Description : The study of strategic action (game theory) is moving from a formal science of rational behavior to an evolutionary tool kit for studying behavior in a broad array of social settings. In this problem-oriented introduction to the field, Herbert Gintis exposes students to the techniques and applications of game theory through a wealth of sophisticated and surprisingly fun-to-solve problems involving human (and even animal) behavior. Game Theory Evolving is innovative in several ways. First, it reflects game theory's expansion into such areas as cooperation in teams, networks, the evolution and diffusion of preferences, the connection between biology and economics, artificial life simulations, and experimental economics. Second, the book--recognizing that students learn by doing and that most game theory texts are weak on problems--is organized around problems, and introduces principles through practice. Finally, the quality of the problems is simply unsurpassed, and each chapter provides a study plan for instructors interested in teaching evolutionary game theory. Reflecting the growing consensus that in many important contexts outside of anonymous markets, human behavior is not well described by classical "rationality," Gintis shows students how to apply game theory to model how people behave in ways that reflect the special nature of human sociality and individuality. This book is perfect for upper undergraduate and graduate economics courses as well as a terrific introduction for ambitious do-it-yourselfers throughout the behavioral sciences.
Description : Game theory is the mathematical study of interaction among independent, self-interested agents. The audience for game theory has grown dramatically in recent years, and now spans disciplines as diverse as political science, biology, psychology, economics, linguistics, sociology, and computer science, among others. What has been missing is a relatively short introduction to the field covering the common basis that anyone with a professional interest in game theory is likely to require. Such a text would minimize notation, ruthlessly focus on essentials, and yet not sacrifice rigor. This Synthesis Lecture aims to fill this gap by providing a concise and accessible introduction to the field. It covers the main classes of games, their representations, and the main concepts used to analyze them. Table of Contents: Games in Normal Form / Analyzing Games: From Optimality to Equilibrium / Further Solution Concepts for Normal-Form Games / Games with Sequential Actions: The Perfect-information Extensive Form / Generalizing the Extensive Form: Imperfect-Information Games / Repeated and Stochastic Games / Uncertainty about Payoffs: Bayesian Games / Coalitional Game Theory / History and References / Index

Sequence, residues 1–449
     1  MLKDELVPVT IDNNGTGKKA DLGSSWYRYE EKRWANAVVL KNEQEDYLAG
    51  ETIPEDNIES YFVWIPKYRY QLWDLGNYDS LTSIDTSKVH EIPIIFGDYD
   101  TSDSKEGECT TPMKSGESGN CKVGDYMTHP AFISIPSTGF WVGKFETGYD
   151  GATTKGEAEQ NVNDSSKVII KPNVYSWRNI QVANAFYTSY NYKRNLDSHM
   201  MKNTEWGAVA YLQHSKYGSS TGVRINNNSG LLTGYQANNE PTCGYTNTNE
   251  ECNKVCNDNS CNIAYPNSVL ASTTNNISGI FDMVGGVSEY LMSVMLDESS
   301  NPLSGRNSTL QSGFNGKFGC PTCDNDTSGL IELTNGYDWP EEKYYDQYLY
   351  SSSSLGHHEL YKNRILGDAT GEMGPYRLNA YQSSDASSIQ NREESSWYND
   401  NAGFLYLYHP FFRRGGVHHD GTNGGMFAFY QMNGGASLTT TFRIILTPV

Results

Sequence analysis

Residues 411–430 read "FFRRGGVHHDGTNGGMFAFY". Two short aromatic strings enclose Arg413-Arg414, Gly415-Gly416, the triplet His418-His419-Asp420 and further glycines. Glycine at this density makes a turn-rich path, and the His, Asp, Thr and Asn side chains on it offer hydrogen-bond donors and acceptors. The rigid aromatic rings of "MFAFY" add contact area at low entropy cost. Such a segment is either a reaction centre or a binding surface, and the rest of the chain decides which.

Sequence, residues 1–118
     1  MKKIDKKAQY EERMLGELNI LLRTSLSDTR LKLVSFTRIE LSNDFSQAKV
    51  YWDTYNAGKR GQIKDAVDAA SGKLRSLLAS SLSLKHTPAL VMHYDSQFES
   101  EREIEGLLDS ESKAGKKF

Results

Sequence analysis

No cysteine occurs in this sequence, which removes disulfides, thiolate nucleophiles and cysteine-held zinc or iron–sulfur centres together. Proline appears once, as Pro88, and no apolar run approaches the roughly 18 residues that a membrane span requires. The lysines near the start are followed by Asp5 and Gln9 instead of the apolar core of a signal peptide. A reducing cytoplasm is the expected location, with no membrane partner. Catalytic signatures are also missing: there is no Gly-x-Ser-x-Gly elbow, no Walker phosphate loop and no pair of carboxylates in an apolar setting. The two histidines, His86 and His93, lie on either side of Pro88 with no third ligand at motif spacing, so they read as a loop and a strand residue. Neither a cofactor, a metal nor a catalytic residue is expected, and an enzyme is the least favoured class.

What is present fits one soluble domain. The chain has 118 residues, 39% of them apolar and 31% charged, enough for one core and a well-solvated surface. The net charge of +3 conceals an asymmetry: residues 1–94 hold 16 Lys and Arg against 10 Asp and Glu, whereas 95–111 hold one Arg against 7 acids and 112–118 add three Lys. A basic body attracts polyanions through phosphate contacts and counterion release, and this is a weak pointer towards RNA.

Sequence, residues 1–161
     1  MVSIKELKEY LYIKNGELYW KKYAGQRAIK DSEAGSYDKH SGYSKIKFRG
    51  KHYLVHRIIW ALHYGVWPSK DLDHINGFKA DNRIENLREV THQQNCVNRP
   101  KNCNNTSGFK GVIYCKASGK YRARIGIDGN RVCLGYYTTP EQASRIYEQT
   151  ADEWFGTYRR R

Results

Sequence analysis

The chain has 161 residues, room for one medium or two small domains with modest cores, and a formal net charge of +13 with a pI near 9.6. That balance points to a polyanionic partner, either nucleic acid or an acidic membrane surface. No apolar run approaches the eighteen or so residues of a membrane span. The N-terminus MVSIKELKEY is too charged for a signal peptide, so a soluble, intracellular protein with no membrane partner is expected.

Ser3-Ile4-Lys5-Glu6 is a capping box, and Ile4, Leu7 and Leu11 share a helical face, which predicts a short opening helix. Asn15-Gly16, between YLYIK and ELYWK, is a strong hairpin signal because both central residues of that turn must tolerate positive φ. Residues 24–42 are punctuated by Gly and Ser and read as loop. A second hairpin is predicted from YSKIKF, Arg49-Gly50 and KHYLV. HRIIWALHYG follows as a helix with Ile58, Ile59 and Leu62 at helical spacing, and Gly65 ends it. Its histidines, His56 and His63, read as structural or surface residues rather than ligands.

Description : This book pays careful attention to applications of game theory in a wide variety of disciplines. The applications are treated in considerable depth. The book assumes only high school algebra, yet gently builds to mathematical thinking of some sophistication. Game Theory and Strategy might serve as an introduction to both axiomatic mathematical thinking and the fundamental process of mathematical modelling. It gives insight into both the nature of pure mathematics, and the way in which mathematics can be applied to real problems.
Description : This textbook presents the basics of game theory both on an undergraduate level and on a more advanced mathematical level. It is the second, revised version of the successful 2008 edition. The book covers most topics of interest in game theory, including cooperative game theory. Part I presents introductions to all these topics on a basic yet formally precise level. It includes chapters on repeated games, social choice theory, and selected topics such as bargaining theory, exchange economies, and matching. Part II goes deeper into noncooperative theory and treats the theory of zerosum games, refinements of Nash equilibrium in strategic as well as extensive form games, and evolutionary games. Part III covers basic concepts in the theory of transferable utility games, such as core and balancedness, Shapley value and variations, and nucleolus. Some mathematical tools on duality and convexity are collected in Part IV. Every chapter in the book contains a problem section. Hints, answers and solutions are included.